Although the problem of counterfeit drugs traditionally has centered on solid dosage drugs, recent drug shortages for injectable cancer medications have triggered concerns over counterfeit versions of these types of drugs. In January 2012, FDA advised that current shortages of injectable cancer medications may present an opportunity for introduction of non-FDA approved products into the drug supply (1). FDA advised healthcare providers to obtain and use only FDA- approved injectable cancer medications purchased directly from the manufacturer or from wholesale distributors licensed in the United States.FDA advised in January 2012 of promotions and sales of unapproved injectable cancer medications direct-to-clinics in the US, which most likely were administered to patients. Products purchased include a high percentage of sterile injectable medications and medications whose quality could be adversely affected if they are not stored or transported under specific temperatures. Examples of products include unapproved versions of FDA-approved medications, such as Faslodex (fulvestrant), Neupogen (filgrastim), Rituxan (rituximab) and Herceptin (trastuzumab).
In certain circumstances, FDA may authorize limited importation of medications that are in short supply. Such medications are imported from approved international sources and distributed in the US through a controlled network and would not be sold in direct-to-clinic solicitations. If FDA has arranged for limited importation of the foreign version of a medication, information on obtaining that medication is available on the FDA drug shortages website (1).
FDA's notification in January was followed by another problem of a counterfeit version of an injectable drug, Avastin (bevacizumab). In mid-February 2012, FDA warned healthcare professionals and patients about a counterfeit version of Roche's/Genentech's anticancer drug Avastin 400 mg/16 mL, which may have been purchased and used by some medical practices in the US. Avastin is an injectable medicine and is administered to patients in clinics, hospitals, and doctors' offices. The counterfeit version of Avastin does not contain the medicine's active ingredient, bevacizumab, which may have resulted in patients not receiving needed therapy (2).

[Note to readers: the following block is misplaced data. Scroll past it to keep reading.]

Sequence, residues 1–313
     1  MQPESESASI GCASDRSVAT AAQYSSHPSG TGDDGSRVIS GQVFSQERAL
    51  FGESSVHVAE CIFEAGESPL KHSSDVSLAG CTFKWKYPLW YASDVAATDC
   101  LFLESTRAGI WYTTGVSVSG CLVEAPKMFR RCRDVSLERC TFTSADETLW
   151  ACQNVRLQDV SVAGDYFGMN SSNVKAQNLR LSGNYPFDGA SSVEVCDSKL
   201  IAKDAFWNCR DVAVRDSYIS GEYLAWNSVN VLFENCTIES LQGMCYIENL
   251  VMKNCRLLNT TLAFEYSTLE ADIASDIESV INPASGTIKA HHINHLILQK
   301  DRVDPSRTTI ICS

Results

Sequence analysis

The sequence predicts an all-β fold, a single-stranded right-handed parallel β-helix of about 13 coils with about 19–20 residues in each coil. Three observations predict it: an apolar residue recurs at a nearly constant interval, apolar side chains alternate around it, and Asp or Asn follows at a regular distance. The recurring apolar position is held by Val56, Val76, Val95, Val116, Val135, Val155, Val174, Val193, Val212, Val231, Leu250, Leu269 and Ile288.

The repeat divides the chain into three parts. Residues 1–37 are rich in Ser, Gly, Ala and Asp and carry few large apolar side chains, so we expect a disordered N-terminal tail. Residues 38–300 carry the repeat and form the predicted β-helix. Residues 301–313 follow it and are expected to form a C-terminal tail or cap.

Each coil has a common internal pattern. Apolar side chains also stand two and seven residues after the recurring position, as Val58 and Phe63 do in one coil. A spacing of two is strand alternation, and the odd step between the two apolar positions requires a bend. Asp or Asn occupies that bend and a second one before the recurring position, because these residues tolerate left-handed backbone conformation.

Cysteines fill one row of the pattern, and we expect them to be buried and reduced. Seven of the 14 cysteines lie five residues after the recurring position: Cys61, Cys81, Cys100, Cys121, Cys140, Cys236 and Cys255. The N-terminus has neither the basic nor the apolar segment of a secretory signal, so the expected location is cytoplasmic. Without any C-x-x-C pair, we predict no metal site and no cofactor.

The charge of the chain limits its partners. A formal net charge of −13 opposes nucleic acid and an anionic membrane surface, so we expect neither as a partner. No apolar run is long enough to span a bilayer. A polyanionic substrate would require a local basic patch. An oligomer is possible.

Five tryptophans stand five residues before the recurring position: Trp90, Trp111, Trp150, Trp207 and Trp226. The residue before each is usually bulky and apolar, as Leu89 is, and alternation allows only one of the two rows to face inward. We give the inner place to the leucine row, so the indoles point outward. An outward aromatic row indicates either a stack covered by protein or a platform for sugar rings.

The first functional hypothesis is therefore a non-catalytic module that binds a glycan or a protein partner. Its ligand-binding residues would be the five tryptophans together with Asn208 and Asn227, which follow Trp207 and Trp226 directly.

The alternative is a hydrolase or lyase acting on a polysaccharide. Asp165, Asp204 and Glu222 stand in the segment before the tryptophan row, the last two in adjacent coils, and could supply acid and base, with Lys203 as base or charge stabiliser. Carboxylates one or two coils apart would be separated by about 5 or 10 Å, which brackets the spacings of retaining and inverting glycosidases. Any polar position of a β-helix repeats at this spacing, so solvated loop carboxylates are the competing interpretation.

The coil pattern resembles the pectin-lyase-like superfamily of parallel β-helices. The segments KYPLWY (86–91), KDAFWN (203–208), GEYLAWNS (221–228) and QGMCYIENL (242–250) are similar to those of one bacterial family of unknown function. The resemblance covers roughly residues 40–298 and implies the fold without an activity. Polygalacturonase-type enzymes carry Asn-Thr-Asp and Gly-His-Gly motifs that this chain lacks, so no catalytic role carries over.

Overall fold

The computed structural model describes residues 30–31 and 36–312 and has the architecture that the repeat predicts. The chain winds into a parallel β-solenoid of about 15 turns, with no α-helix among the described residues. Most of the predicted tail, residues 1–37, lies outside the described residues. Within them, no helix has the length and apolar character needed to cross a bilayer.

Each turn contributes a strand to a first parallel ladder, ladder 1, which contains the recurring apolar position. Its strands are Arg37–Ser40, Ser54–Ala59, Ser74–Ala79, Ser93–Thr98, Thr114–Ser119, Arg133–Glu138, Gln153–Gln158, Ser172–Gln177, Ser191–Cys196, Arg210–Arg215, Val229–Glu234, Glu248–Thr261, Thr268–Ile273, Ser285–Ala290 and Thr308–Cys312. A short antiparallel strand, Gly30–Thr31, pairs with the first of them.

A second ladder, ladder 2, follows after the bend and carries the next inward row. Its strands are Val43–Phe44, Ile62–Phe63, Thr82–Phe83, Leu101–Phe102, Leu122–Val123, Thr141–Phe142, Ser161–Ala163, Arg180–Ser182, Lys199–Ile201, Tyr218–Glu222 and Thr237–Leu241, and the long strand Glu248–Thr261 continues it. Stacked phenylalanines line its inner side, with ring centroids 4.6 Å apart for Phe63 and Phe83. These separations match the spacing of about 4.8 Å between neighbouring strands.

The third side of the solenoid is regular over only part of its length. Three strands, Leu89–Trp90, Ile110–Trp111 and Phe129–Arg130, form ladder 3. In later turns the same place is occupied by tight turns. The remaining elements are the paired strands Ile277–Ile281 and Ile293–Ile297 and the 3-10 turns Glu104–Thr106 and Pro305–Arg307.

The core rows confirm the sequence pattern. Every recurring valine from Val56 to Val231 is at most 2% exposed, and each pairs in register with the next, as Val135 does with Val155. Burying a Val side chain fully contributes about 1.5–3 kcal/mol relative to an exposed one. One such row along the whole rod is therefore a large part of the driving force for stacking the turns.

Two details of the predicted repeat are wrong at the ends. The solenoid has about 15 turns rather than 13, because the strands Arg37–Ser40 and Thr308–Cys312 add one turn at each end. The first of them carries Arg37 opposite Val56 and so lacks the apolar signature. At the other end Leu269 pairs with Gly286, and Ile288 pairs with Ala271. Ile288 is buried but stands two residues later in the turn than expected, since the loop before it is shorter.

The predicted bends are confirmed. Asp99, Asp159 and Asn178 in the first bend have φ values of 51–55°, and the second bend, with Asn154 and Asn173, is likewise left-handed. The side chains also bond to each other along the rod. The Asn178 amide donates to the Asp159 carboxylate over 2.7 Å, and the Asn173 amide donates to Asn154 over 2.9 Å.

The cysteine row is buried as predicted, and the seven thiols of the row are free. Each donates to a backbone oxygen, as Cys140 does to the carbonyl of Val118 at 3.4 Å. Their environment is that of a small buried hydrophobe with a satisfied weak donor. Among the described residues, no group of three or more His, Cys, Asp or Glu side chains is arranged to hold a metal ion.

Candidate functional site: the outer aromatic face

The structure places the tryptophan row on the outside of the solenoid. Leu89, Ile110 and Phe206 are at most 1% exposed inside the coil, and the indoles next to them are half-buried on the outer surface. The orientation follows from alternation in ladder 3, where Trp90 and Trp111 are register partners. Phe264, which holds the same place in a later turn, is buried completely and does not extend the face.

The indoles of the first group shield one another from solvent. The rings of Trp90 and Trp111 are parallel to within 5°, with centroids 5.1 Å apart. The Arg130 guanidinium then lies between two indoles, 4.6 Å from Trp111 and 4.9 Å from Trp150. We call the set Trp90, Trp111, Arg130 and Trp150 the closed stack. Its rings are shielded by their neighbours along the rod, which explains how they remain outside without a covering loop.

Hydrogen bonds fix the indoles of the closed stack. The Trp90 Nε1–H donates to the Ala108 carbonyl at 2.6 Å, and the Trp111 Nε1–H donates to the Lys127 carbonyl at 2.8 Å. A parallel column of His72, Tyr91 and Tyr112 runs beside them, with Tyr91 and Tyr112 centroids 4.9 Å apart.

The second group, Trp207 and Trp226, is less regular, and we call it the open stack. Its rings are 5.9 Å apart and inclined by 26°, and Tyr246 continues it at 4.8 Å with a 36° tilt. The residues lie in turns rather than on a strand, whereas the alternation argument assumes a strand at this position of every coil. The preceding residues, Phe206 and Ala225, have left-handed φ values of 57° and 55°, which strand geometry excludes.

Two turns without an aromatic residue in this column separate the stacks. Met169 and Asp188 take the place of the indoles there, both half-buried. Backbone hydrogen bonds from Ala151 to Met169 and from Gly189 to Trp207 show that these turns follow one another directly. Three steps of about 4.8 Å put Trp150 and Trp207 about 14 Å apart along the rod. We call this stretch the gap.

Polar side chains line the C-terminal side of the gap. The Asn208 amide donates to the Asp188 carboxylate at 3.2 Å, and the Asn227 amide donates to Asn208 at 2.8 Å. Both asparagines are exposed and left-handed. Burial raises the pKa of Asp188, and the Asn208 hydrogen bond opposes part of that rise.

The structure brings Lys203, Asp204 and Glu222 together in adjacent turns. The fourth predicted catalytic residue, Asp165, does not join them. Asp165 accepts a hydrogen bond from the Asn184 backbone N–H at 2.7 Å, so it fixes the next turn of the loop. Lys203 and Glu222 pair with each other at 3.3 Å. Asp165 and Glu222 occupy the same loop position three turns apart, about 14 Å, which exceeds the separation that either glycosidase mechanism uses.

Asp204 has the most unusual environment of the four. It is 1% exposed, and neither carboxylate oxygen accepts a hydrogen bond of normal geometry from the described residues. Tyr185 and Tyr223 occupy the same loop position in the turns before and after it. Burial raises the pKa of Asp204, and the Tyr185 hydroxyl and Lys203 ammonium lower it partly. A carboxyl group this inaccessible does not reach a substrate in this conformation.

In a related action, FDA issued letters to 19 medical practices in the US that purchased unapproved cancer medicines that may include the counterfeit Avastin. The counterfeit version is labeled as Avastin, manufactured by Roche. Roche is the company that manufactures Avastin approved for marketing outside of the US. The only FDA-approved version of Avastin for use in the US is marketed by Genentech (a member company of Roche). The FDA-approved version does not include the Roche logo on the packaging or vials. In addition, Genentech's FDA-approved version of Avastin vials and packaging have a 6-digit numeric batch number and expiration dates in a three-letter month and four-digit year format (e.g., JAN 2014). Genentech's Avastin products are safe and effective for their intended uses.
The 19 medical practices in the United States purchased unapproved cancer medicines and, potentially, the counterfeit Avastin, from Quality Specialty Products (QSP), a foreign supplier that may also be known as Montana Health Care Solutions, according to FDA documentation (2). Volunteer Distribution in Gainesboro, Tennessee, is a distributor of QSP's products. FDA requested that the medical practices stop using any remaining products from these suppliers. FDA cannot ensure the safety or efficacy of any of these unapproved products. Based on information to date, FDA determined that none of the unapproved cancer medicines received by these medical practices from Volunteer Distribution are in shortage in the US. FDA-approved versions of these medicines are available in adequate supply to meet current demand.